#### Abstract

We present a complete local dynamics and investigate the global dynamics of the following second-order difference equation: , where the parameters , and are nonnegative numbers with condition , , and the initial conditions , are arbitrary nonnegative numbers such that

#### 1. Introduction and Preliminaries

In this paper we investigate the local and global dynamics of the following difference equation:where the parameters , and are nonnegative numbers with condition , , and the initial conditions , are arbitrary nonnegative numbers such that The change of variable transforms (1) to the following difference equation:where we assume that and that the nonnegative initial conditions , are such that for all . Thus the results of this paper extend to (2).

Equation (1) is the special case of a general second-order quadratic fractional equation of the formwith nonnegative parameters and initial conditions such that , , and ,

Some special cases of (1) were investigated in [1], where special case , known as Riccati’s equation, was thoroughly investigated and its global dynamics was completely described. In fact, this is one of very few nonlinear difference equations whose solution can be explicitly found. As it was shown in [1] such equation can exhibit the whole range of different global behaviors such as global asymptotic stability of the equilibrium, global periodicity (i.e., all solutions are periodic with the same period), and chaos. To avoid this case we assume that . Furthermore, the special case is the first-order difference equation whose dynamics is well known and follows from Theorem , page 484 in [2]. Consequently, we will assume that . Finally, the special case , known as the Henon difference equation [3], was completely solved in [4], where the basins of attraction of all equilibrium points and the point at infinity were found and global dynamics was described in full detail. So, in this paper we assume that .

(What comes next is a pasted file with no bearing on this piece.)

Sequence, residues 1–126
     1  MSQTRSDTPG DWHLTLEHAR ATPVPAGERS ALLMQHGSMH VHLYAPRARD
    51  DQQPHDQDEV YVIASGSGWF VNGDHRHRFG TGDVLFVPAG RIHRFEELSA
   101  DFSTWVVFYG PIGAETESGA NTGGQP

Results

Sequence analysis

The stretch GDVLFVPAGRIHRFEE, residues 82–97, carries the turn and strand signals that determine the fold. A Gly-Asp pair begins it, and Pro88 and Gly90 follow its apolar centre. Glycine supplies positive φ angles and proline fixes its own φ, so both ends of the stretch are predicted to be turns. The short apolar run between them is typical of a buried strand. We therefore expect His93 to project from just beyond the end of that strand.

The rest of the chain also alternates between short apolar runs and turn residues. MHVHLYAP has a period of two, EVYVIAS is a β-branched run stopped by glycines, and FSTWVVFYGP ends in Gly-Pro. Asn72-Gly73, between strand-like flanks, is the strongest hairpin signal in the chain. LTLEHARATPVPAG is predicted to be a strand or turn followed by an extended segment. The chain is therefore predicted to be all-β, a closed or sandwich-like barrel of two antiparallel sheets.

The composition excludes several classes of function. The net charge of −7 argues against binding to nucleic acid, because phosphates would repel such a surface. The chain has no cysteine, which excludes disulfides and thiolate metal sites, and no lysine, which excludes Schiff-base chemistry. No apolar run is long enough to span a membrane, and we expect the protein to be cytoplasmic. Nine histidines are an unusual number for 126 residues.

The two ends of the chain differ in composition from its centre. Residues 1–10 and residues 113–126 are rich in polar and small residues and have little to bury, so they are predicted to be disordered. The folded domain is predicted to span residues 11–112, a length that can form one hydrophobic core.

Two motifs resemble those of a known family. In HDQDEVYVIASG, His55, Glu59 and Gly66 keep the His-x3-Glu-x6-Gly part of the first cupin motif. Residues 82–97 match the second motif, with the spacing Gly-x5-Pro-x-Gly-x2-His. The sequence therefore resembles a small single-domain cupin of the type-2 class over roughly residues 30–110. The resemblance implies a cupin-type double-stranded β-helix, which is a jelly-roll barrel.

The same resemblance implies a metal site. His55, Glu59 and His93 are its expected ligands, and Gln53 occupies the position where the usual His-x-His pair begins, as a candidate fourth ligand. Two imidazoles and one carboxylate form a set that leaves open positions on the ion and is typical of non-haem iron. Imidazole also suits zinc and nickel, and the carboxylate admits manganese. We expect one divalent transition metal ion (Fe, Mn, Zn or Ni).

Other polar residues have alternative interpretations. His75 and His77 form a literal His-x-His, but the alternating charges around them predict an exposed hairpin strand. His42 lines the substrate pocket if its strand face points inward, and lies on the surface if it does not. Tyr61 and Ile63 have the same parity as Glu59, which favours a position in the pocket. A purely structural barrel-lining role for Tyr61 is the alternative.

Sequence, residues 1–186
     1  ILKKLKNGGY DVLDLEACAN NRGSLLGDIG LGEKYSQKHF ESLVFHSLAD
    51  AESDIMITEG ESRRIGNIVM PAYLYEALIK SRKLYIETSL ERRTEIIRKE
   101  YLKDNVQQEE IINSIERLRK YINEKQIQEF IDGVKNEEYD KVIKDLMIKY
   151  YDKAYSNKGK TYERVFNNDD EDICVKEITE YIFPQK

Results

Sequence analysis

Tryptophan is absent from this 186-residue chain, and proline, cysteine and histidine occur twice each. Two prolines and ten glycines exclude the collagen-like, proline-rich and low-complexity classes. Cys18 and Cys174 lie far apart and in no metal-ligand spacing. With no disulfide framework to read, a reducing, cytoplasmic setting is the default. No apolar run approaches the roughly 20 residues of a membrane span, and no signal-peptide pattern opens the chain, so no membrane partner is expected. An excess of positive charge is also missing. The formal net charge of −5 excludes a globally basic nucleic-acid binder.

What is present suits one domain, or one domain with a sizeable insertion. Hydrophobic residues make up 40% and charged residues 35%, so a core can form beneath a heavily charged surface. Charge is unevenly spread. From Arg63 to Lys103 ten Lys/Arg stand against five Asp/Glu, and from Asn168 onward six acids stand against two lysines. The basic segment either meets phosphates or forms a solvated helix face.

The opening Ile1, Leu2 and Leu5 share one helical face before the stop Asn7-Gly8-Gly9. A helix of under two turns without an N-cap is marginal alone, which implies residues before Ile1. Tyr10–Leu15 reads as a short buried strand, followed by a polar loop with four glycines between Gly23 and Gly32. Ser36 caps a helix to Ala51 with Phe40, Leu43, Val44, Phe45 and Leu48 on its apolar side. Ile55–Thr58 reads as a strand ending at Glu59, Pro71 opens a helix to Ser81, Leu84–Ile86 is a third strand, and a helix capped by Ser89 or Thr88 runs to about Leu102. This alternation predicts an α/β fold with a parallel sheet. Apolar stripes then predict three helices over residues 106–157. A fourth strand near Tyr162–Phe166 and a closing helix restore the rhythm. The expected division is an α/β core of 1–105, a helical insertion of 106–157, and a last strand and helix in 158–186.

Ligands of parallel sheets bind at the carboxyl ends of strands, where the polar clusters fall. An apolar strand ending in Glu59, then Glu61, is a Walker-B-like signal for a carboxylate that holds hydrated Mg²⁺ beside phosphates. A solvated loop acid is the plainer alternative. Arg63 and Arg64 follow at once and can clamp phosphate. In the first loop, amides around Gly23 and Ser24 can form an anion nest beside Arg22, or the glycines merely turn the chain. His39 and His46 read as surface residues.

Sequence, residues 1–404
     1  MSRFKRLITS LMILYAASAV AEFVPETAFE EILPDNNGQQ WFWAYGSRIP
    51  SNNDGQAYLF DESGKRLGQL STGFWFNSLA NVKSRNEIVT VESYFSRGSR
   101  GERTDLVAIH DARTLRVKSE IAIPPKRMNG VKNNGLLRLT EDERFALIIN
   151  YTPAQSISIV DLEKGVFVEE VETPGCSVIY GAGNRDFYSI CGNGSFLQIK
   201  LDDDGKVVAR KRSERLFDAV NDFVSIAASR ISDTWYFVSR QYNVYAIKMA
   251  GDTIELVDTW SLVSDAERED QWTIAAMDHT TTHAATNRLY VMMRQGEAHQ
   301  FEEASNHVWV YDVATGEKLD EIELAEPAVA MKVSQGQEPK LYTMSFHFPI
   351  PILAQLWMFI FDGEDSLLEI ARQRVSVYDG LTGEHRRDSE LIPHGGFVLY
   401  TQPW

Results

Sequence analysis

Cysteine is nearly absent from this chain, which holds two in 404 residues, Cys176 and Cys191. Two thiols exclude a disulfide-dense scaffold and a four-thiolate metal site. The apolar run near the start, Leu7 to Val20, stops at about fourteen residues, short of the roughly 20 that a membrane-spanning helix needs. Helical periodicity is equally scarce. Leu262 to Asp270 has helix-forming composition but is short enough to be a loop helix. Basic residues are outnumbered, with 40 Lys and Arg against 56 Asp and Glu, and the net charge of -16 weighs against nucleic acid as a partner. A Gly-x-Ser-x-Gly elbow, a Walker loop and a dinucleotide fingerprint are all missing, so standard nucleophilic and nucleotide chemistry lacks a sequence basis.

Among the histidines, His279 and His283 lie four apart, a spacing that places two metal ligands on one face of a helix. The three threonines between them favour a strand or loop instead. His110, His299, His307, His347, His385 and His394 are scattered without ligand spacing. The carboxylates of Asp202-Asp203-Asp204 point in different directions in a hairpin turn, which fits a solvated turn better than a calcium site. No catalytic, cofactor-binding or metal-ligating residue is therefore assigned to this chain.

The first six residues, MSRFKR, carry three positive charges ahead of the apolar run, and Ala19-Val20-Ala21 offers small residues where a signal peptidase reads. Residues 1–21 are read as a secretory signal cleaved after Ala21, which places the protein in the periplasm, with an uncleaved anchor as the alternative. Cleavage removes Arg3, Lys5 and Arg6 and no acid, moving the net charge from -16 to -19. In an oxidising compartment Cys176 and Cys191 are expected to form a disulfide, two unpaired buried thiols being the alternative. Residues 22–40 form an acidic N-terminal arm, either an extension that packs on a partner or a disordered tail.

The first systematic study of global dynamics of a special quadratic fractional case of (3) where was performed in [5, 6]. Dynamics of some related quadratic fractional difference equations was considered in the papers [7–17]. In this paper we will perform the local stability analysis of all three equilibrium points of (1) and we will give the necessary and sufficient conditions for the equilibrium to be locally asymptotically stable, a saddle point, a repeller, or a nonhyperbolic equilibrium. The local stability analysis indicates that some possible dynamics scenarios for (1) include period doubling bifurcations, as in the case of equation considered in [18]. Another possible behavior is chaos as in the case of equation considered in [19]. Our local stability analysis will exclude the possibility of Neimark-Sacker bifurcation.